One example which utilises such a technique is disclosed in U.K. Pat. No. 1,401,009 (N.B., reference may also be had to its U.S. equivalent U.S. Pat. No. 3,810,113, May 7, 1974, which has the same disclosure) which, when used for flow measurement is known as an overloading counter correlation flowmeter. This system makes use of the fact that two signals derived from flow of a fluid, one signal being derived upstream of the other, exhibit a degree of correlation with one signal being delayed by the time taken for the fluid to travel between the two signal deriving points. If this time can be measured, the flow velocity is simply the distance between the two points divided by the measured time. Cross-correlation techniques between the two signals can be used by delaying one signal with respect to the other for various values of time delay and measuring the value of time delay corresponding to the maximum degree of cross-correlation. If digital techniques are used, a shift register may provide a quantised time delay axis and since the flow velocity is inversely proportional to time delay, only a very coarse output indication will be obtained at high flow rates as described above.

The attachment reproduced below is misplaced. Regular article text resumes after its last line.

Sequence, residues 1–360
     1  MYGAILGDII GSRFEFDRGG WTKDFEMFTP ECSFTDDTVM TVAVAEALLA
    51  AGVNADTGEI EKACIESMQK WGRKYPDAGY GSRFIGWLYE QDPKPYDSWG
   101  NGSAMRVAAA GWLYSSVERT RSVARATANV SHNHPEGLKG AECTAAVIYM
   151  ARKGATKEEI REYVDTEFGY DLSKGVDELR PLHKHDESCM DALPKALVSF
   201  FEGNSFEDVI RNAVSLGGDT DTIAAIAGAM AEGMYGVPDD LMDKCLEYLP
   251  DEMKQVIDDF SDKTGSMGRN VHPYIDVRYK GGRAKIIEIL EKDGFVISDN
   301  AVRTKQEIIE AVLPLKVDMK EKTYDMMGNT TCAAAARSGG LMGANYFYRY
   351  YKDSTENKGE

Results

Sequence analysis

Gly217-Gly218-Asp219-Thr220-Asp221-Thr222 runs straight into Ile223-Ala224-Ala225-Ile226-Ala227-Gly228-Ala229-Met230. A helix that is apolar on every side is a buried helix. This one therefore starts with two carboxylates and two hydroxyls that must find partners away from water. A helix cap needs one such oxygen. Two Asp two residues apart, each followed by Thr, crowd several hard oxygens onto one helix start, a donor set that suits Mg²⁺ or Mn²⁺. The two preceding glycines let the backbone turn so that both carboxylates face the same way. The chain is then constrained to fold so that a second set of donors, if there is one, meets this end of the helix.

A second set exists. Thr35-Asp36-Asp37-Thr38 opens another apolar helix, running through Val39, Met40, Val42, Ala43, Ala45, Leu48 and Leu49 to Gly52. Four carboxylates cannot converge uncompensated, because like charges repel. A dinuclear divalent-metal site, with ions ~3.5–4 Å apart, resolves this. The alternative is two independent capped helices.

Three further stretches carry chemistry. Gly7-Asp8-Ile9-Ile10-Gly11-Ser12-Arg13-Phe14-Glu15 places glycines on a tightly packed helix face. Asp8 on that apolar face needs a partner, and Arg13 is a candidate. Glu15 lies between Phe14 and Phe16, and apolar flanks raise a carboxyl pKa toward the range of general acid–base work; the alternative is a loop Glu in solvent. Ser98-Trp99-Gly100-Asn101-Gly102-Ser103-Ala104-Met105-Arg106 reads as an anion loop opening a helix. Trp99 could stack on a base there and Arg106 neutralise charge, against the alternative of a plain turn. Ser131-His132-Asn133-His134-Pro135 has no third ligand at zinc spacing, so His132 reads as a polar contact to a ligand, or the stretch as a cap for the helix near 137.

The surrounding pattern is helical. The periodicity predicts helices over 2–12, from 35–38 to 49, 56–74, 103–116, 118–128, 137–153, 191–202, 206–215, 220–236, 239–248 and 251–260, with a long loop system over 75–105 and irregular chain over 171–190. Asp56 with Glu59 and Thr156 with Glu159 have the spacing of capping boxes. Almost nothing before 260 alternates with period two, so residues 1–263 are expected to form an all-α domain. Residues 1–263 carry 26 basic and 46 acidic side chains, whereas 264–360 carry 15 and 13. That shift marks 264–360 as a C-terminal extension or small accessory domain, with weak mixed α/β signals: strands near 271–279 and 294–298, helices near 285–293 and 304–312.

Resolution may be improved by increasing the number of delay stages provided in the shift register but this can only be achieved by considerably increasing the number of components used in the circuit.
It is therefore an object of the invention to provide interpolating apparatus for more accurately determining the peak position of a function which has been coarsely located using digital techniques.
It is a further object of the invention to provide a method and apparatus for detecting one or more flow parameters utilising an interpolation technique in conjunction with an overloading counter correlation technque.